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Reviews Categories | Ham Software - Other than logging | HamScope Help

Reviews Summary for HamScope
Reviews: 14 Average rating: 4.5/5 MSRP: $free
Description: HamScope uses a sound card interface to allow PKS31, RTTY, CW and other digital modes.
Product is in production.
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KT4EP Rating: 4/5 Feb 11, 2014 15:56 Send this review to a friend
Basic good for psk31  Time owned: more than 12 months
I've had this on my XP laptop about two years and haven't used it very much because I use fldigi most of the time. The laptop is almost 9 years old with 2 gigs of RAM. I have XP and LUBUNTU on it. I found that LINUX WINE will open and run HamScope just fine. I'm using a Signalink and it works fine with the program. Radio is a YAESU FT-840, no CAT cable. I guess the point it if you have an old PC, you could consider HamScope if you want to work just the few modes it supports. I think its just fine for those.
W5LRU Rating: 2/5 Jan 29, 2013 14:23 Send this review to a friend
Frustrated  Time owned: 0 to 3 months
I downloaded the program and it appears that only the basic program is downloading. The HELP file is downloaded separately and cannot be opened. I think the program probably is good but with no instructions or help files this OM is not enjoying trying "hit and miss" operation.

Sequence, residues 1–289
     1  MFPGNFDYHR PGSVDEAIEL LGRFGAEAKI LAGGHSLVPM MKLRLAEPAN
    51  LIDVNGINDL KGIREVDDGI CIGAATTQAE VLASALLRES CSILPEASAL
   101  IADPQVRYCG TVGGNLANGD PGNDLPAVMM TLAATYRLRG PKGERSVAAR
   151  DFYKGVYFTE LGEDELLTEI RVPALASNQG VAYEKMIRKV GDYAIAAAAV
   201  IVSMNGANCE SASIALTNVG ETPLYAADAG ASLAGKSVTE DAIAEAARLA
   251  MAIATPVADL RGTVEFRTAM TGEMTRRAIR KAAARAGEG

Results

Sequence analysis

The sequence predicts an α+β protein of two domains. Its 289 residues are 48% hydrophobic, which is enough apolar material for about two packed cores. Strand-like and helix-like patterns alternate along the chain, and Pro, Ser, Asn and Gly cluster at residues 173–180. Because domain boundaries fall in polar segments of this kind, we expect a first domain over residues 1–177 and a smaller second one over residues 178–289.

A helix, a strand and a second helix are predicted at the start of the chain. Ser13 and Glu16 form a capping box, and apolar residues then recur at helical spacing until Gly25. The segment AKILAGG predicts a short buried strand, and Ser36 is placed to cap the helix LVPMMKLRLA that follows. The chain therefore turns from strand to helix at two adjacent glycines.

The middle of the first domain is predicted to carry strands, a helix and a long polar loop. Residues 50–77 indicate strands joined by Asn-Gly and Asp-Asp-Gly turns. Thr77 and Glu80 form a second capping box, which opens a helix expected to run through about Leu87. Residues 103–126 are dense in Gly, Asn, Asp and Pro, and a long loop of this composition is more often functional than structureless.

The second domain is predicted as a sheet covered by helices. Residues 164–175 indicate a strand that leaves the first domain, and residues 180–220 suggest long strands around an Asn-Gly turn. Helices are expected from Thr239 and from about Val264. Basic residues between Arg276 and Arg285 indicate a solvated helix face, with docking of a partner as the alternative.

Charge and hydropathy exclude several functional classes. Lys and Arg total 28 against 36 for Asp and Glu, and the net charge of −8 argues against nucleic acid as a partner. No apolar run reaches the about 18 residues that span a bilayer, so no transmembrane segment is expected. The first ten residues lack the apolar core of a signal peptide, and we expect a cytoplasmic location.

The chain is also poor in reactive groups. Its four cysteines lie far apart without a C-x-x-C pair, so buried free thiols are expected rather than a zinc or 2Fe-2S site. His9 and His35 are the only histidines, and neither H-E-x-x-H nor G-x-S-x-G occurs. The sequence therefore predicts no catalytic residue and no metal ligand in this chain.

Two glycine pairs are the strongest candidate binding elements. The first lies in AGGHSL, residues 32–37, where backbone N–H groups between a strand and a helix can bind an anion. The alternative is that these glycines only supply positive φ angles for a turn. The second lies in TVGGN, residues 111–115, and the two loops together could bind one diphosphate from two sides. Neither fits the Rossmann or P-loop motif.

I don't see any reviews after 2006 so maybe that is why no one is currently using it.
K7NG Rating: 4/5 Apr 5, 2006 05:44 Send this review to a friend
I like it  Time owned: more than 12 months
I've been using Hamscope receive-only for about two years, and got around to setting up a 'real' digital mode station about six months ago - Hamscope is my main application for PSK, MFSK and (Ham)RTTY. I have never seen anything lacking in these modes. My only issue is that it is not versatile in decoding non-ham RTTY signals, and that there are a lot more new ham digital modes coming around now and Hamscope doesn't do anything with them. A friend hates using Hamscope in CW, but since I wouldn't use anything but my own faculties for CW, his findings don't affect my appreciation of this fine (free) Ham application.
F5RRS Rating: 5/5 Nov 17, 2005 14:45 Send this review to a friend
Simply the best  Time owned: more than 12 months
It's my main digimode software. I made 5000 digital QSOs (PSK31/RTTY/MFSK16). Simple and easy to operate.
I use v1.55 on WinXP without any problems (system with 3 soundcards).
A dual receive on RTTY should be fantastic.
Great software !!
KA2UUP Rating: 5/5 Apr 13, 2005 13:30 Send this review to a friend
Good stuff  Time owned: more than 12 months
I have been using this S/W for almost 5 years. Does a very good job and it is very stable. Found a couple of quirks when running Windows XP (sometimes you have to close down and open up to change modes)but seems the problem is not HamScope itself but the operating system.
ON4SKY Rating: 4/5 Sep 26, 2004 04:02 Send this review to a friend
With it, it is no more necessary to know CW !  Time owned: more than 12 months

Glen Hansen, KD5HIO, developed this application (2.2 MB) from WinPSK written by Moe Wheatley, AE4JY.